Methods: Individual semi-structured in-depth interviews were conducted October 2020 to January 2021 via Zoom with participants who reside in California, were 18 and older, self-identify as a member of both a sexual minority group (e.g., queer, lesbian, gay, bisexual, and transgender) and identify as Latinx or a variation of the Latinx identity (e.g., Latina/o, Chicana/o, Hispanic). Recruitment was conducted via a snowball sampling method initiated with a recruitment email sent to 95 LGBTQ and Cultural resource centers across California. Interviews lasted approximately one-hour, were recorded, and transcribed for data analysis using ATLAS.ti version 8.5.
Results: 9 interviews were conducted with participants ranging from 22-43 in age. 5 participants identified with masculine pronouns, 3 with feminine pronouns, and 2 with gender neutral pronouns. 5 participants are current university students ranging from undergraduate to graduate and 4 participants are working professionals working in a range of careers. Although experiences varied across the sample, four emerging themes surfaced. They are: (1) policing; (2) single-identity; (3) cis lens; and (4) navigating multiple context. Participants shared a common experience of their behavior, thoughts, presentation, and desires being policed. These instances were often emphasized and mixed with cultural and societal norms. Intern, participants were often viewed and forced into a single-identity often not chosen by them. This was usually produced through a cis lens. Lastly, participants expressed the difficulty of navigating multiple contexts.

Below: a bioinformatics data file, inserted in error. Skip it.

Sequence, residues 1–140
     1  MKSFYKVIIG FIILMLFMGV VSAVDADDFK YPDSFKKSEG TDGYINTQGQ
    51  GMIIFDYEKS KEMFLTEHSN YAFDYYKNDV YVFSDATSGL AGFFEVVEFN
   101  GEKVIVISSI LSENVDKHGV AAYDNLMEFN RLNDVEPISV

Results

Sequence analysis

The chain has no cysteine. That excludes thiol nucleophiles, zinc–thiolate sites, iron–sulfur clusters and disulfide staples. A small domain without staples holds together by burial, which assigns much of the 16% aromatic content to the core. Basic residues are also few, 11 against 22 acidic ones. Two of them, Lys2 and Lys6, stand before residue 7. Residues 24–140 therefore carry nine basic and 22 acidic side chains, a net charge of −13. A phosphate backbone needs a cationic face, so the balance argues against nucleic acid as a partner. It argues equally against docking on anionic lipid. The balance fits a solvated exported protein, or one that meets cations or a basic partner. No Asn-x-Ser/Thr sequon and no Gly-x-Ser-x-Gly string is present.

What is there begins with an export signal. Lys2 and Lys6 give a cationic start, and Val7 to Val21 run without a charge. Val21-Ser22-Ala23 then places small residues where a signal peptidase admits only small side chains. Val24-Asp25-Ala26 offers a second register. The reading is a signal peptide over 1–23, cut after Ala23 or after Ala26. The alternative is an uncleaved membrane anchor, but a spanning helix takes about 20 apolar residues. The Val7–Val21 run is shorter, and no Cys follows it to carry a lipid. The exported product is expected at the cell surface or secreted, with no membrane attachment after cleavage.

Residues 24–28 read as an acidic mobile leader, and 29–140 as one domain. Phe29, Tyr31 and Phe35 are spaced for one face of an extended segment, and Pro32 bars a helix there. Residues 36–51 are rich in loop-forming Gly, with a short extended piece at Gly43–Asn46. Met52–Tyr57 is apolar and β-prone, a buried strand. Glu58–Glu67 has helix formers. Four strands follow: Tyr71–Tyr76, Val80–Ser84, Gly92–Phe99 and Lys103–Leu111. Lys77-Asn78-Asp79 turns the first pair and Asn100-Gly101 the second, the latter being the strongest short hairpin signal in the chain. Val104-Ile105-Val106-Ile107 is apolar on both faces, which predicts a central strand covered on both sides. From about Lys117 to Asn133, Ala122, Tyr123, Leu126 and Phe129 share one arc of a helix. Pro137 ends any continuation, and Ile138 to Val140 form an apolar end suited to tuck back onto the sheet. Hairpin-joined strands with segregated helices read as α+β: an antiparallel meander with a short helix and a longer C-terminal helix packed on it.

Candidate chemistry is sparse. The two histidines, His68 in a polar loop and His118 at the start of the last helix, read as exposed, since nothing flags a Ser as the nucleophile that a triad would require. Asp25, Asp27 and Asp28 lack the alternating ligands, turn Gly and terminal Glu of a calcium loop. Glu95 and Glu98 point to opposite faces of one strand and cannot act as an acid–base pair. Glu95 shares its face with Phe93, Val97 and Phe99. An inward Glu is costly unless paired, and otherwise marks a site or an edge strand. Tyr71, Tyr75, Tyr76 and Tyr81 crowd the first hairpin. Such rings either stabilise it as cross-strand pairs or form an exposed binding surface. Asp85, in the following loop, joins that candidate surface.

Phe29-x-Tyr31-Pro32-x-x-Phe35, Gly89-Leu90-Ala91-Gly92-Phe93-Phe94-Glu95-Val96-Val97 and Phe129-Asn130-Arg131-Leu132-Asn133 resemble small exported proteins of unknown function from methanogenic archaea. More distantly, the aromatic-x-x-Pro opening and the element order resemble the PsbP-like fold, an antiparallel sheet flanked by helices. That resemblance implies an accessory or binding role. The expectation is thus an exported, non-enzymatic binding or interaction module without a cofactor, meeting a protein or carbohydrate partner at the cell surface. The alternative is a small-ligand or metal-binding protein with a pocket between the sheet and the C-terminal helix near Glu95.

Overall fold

Implications: Qualitative data allows us to begin to see a complex and unique experience with minoritized identities that is often misunderstood. Initial results provide a foundation for practitioners to support the population. Culturally responsive and community grounded interventions for LGBTQ+ Latinx individuals could counter policing of identities from within community and outside community. Continuing to emphasize intersectionality and the nuances of identity could support LGBTQ+ Latinx fully experience their multiple identities. Despite the small sample size, emerging themes offer a foundation to further research. Particular attention should be placed on individual strengths to build a strengths-based framework to support community mental health. Lastly, further research is necessary to better encourage mental health providers to support positive mental health outcomes.